It is not widely known that President Burton conferred with George Booth, the founder of Cranbrook, about Cranbrook as a location for a world class art academy. The fact is, Dr. Burton and George Booth were very close friends. It is well known that Eliel Saarinen produced a design for the Burton Memorial Campanile (Bell Tower) at the request of the alumni who attended the University during the Burton years: 1920-1925. Eero’s linoleum cut portrait of President Burton closely resembled the official portrait of the man, but there is a subtle quality of emotion in what Eero has done. It is no wonder that the editors at The Michigan Alumnus used Eero’s portrait to illustrate their article on President Burton.

Secondly, Cranbrook Kingswood students and alumni/ae will see immediately the probable source of the Motto for Cranbrook School: Aim High. Eero brought this idea with him to Cranbrook, and during those fruitful years when his father was planning the Boys’ School, Eero’s enthusiasm and interest in the planning no doubt brought forward the suggestion of this inspiring phrase: Aim High, as a possible motto for the school. Furthermore, Eero studied with Géza Maróti, the Hungarian designer-architect of many cherished elements of the Cranbrook School architectural ambience, including the figure of Galileo, the door to the (then) Middle School science wing below it, the overmantel in the Cranbrook Library and wood carvings on the Library doors, the brilliantly windowed exterior at the Marquis entrance to the Cranbrook Dining Hall, and the design of the Gateway of Friendship.

Eero, who at the time was thinking of becoming a sculptor, was put to work designing the crane insert in the dining hall chairs, the animal forms in the gates between Marquis Hall and the Infirmary and at the Lone Pine Road entrance to the Infirmary, the grotesque faces on Page Hall and the abstract forms on the columns at the quadrangle entrance to Page Hall. Eero also designed the brown terra-cotta tiles, showing athletes in their poses, for the fireplace in the South Lobby of Hoey Hall. One of his South Lobby tiles, “The Wrestlers,” was included in the Second International Exhibition of Ceramic Art in New York in October 1928. The Pewabic Pottery in Detroit fired these tiles, and it included this one among representative objects for this American Federation of the Arts show, which also traveled to Philadelphia, Minneapolis, Cleveland, Baltimore, Detroit, Newark and Pittsburgh, closing on September 29, 1929.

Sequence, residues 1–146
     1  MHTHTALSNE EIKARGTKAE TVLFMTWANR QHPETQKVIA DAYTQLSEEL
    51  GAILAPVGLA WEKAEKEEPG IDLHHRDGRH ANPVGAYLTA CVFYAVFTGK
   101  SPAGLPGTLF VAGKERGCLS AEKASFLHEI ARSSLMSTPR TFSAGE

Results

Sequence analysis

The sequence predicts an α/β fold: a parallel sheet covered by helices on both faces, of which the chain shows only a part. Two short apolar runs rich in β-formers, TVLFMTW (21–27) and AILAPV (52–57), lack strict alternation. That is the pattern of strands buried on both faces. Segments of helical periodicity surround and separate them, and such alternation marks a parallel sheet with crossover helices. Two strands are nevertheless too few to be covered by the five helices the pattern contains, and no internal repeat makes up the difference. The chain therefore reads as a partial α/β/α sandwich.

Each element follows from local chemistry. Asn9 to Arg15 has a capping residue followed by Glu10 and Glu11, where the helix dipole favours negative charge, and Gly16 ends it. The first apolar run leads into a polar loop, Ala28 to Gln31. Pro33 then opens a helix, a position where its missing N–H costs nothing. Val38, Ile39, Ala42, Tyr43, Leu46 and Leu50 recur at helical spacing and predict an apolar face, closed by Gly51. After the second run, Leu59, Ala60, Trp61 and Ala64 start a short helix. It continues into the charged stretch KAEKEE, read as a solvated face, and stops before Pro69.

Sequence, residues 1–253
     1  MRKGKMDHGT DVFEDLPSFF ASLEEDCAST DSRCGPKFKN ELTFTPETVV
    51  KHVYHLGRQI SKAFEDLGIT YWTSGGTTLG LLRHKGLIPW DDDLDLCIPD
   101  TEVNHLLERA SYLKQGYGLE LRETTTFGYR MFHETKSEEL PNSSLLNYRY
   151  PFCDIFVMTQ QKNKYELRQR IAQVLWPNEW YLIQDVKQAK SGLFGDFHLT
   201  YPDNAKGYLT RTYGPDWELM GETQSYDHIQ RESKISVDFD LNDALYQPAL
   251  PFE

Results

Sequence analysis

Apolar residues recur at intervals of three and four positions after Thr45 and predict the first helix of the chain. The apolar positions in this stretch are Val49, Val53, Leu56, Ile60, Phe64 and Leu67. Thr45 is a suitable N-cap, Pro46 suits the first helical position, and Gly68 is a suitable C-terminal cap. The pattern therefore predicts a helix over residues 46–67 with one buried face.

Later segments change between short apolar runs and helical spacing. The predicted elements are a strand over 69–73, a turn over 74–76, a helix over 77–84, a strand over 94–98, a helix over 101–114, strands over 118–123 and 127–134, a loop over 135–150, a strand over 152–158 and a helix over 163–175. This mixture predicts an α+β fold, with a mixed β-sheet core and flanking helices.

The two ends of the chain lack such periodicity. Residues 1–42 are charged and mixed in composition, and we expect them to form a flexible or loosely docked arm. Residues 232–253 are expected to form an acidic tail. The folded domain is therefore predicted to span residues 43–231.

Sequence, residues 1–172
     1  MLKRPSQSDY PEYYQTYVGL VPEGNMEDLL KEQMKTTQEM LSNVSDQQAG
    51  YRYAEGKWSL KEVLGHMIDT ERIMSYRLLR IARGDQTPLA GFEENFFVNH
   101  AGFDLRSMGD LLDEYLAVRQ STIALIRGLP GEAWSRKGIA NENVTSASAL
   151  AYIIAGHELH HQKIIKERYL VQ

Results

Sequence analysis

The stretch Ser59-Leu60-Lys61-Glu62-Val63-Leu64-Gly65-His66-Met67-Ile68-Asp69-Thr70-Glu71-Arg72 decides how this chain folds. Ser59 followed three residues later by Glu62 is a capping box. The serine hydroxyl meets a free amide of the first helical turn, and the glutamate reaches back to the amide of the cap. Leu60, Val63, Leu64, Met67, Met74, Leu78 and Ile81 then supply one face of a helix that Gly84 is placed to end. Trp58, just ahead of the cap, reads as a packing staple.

Later, Eero designed furniture for his parents’ bedroom in Saarinen House, and, for Kingswood, he was given the contract to design all the furniture for the girls’ school, including for the public spaces, the dining hall, the auditorium, the classrooms and the dormitory. Mr. Booth included a special clause giving Eero rights to any income derived from the mass production of any of the pieces he had designed. Essentially, George Booth was turning Eero (at the age of 19) into an industrial designer. However, as it happened, the contract lapsed at the end of 1930, and soon after Eero was on his way to Yale.

The years of his extraordinary success as a designer-architect were in the future; now, looking back at his career, one can easily make the claim that he was the most important designer-architect of the 20th century. It is wonderful to see that his promise was already evident at the age of fourteen, through proven performance, and that those around him fostered and promoted the development of his talent with every instrument at their disposal.

– Jeffrey Welch, Retired Faculty Member, Cranbrook Schools (1977 – 2015)